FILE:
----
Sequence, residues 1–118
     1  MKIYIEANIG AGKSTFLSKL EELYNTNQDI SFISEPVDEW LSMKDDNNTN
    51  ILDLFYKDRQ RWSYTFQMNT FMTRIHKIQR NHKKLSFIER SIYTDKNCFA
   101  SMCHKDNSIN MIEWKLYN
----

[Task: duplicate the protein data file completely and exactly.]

Sequence, residues 1–118
     1  MKIYIEANIG AGKSTFLSKL EELYNTNQDI SFISEPVDEW LSMKDDNNTN
    51  ILDLFYKDRQ RWSYTFQMNT FMTRIHKIQR NHKKLSFIER SIYTDKNCFA
   101  SMCHKDNSIN MIEWKLYN